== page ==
Ahmad Ighbariyeh, 16, takes part in a discussion during a workshop held at the Not To Forget Society in Jenin refugee camp, West Bank, May 11, 2017. (Photo: DCIP / Ahmad Al-Bazz)

Sixteen-year-old Ahmad Ighbariyeh is veteran to the camp’s streets. His father died during an Israeli military incursion in 2002. When he’s not in school, Ahmad says he spends most of his free time playing football in narrow camp alleyways.

Other children in the room, gathered in a tattered community center for a session on how to respond to rights violations that take place during armed incursions, listen intently when Ahmad speaks.

“Because we do not have playgrounds in the camp, we play in the street but this is very dangerous,” Ahmad told DCIP, relaying a story of a friend once injured by a passing vehicle.

Ahmad sits next to his friends during a workshop held at the Not To Forget Society in Jenin refugee camp, West Bank, May 11, 2017. (Photo: DCIP / Ahmad Al-Bazz)

Paved roadways in the camp are packed by some 200 parked vehicles further crowding the busy streets, and nearly half of alleyways are in need of rehabilitation, by UNRWA’s estimates.

Flooded by cars in the day, the streets where children ride bikes and play games become the site of frequent violent incursions by both Palestinian security forces and the Israeli military, increasing the risk of arrest or injury to children.

Earlier this year, in February, Israeli forces shot a 17-year-old in the back during a predawn raid.

UNICEF typically mandates the creation of Child Friendly Spaces (CFSs) in refugee camps across the world, in order to “give[e] a child a sense of normalcy amid chaos.”  CFSs are designated “safe spaces” for children during crisis or emergency, and also carry the goal of being points of service delivery.

Two Palestinian girls stand on the steps of the Not To Forget Society’s building in Jenin refugee camp, West Bank, May 11, 2017. (Photo: DCIP / Ahmad Al-Bazz)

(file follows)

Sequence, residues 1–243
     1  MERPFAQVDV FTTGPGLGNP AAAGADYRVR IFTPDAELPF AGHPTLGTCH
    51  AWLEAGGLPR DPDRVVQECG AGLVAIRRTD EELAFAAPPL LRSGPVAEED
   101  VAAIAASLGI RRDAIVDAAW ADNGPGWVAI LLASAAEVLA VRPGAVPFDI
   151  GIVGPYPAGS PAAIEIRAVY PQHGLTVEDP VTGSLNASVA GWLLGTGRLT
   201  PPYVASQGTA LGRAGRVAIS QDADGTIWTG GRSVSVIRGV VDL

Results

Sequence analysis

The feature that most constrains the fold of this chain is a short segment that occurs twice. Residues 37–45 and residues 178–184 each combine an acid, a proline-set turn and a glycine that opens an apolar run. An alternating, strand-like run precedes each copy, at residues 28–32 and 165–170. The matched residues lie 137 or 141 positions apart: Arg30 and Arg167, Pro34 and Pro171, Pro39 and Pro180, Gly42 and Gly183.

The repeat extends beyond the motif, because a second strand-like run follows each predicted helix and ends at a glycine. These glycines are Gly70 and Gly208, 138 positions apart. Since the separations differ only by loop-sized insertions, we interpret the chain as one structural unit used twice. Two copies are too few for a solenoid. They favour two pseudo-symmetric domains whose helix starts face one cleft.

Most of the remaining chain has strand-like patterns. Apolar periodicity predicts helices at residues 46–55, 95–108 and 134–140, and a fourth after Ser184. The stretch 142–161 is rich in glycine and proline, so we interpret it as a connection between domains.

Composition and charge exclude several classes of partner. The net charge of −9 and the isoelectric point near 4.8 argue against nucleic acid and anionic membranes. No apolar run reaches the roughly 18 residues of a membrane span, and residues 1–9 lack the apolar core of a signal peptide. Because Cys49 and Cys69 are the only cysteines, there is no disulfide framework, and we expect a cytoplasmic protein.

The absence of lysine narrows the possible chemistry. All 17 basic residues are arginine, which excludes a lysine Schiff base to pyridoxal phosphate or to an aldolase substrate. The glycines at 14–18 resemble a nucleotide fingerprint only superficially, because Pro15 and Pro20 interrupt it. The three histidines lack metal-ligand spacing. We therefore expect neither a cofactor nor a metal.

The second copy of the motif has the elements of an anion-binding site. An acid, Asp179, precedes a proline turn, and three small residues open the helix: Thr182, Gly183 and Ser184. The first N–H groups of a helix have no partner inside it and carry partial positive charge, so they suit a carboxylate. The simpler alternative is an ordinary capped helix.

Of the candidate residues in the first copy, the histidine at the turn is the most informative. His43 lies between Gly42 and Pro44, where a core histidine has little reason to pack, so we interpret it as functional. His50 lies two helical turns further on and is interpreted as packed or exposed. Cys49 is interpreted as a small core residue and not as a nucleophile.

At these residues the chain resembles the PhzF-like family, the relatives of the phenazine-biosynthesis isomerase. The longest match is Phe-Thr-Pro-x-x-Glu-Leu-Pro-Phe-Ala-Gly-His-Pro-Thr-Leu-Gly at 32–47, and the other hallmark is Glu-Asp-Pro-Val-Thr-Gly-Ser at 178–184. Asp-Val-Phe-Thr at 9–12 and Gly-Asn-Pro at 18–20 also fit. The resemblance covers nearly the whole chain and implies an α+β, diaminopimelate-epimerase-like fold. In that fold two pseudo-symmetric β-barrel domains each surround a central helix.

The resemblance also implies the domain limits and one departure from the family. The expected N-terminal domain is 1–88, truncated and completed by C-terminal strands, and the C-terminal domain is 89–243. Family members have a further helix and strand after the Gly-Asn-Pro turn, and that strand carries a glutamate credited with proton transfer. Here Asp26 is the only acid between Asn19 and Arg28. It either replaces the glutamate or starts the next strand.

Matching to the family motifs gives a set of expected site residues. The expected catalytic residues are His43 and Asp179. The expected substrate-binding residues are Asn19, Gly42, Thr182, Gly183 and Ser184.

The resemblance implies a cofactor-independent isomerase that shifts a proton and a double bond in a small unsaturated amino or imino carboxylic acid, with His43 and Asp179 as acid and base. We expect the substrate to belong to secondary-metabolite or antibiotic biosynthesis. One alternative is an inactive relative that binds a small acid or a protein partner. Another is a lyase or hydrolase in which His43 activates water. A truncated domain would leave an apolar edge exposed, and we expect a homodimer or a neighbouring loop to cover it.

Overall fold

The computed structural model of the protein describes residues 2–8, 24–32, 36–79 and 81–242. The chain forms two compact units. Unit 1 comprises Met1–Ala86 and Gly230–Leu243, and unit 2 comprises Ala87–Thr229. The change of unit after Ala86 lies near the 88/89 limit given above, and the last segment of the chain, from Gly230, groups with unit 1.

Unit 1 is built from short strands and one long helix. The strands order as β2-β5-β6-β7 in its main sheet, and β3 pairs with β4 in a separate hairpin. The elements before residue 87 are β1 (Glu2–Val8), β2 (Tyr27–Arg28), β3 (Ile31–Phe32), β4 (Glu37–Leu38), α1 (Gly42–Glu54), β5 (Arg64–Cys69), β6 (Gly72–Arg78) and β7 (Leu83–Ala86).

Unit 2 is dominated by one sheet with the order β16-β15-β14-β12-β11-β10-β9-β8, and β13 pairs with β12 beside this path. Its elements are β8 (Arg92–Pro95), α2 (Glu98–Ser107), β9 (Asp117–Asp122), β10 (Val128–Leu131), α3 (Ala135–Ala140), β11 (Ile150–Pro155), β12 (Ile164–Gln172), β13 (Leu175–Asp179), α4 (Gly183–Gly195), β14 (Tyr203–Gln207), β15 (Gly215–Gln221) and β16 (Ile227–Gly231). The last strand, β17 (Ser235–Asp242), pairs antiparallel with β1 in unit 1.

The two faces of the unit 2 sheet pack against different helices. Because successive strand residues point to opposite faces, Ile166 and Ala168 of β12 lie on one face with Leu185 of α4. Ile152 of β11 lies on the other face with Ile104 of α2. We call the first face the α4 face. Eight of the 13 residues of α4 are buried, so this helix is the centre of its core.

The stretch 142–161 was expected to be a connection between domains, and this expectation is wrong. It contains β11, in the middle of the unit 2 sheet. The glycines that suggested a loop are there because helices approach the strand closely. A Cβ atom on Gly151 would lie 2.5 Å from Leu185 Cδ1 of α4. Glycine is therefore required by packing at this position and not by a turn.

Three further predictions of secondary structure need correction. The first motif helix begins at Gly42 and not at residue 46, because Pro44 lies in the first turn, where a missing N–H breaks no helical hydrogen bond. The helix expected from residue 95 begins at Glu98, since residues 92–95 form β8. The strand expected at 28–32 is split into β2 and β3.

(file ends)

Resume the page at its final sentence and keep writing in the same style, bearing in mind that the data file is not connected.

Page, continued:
Maiysa’s and Ahmad’s access to safe spaces hangs in limbo: their situation is not considered temporary or an emergency, regardless of the fact that they still hold refugee status and experience violence on a near-daily basis.

UNRWA spokesperson Chris Gunness told DCIP that UNRWA does not designate Palestinian refugee camps in the West Bank as under emergency, and as such has not set the creation of CFSs as a priority.

Gunness said the lack of CFSs in Palestinian refugee camps has a “negative protection impact on children,” including exposure the risk of death and injury, drug addiction, sexual exploitation and abuse, psychological damage, and negative impacts on children’s educational attainment.

Damage from bullets and fragments cover the walls of a Palestinian house in Jenin refugee camp, West Bank, May 11th, 2017.  (Photo: DCIP / Ahmad Al-Bazz)

Abu Hijja, for her part, told DCIP that psychological issues resulting from armed raids and lack of protection would be alleviated with access to safer spaces for play.

Back in the Jenin refugee camp, Maiysa returns home to play inside with her siblings, while Ahmad heads outside to join his friends in a pick-up soccer game.

“I often dream of having a park for us to play in,” Ahmad told DCIP. “I would like to build a large playground to have all the children in the camp so they could play safely,” Ahmad said before he headed out to the street, ball in hand.

Palestinian children play soccer in the streets of Jenin refugee camp in the northern West Bank on May 11, 2017. (Photo: DCIP / Ahmad al-Bazz)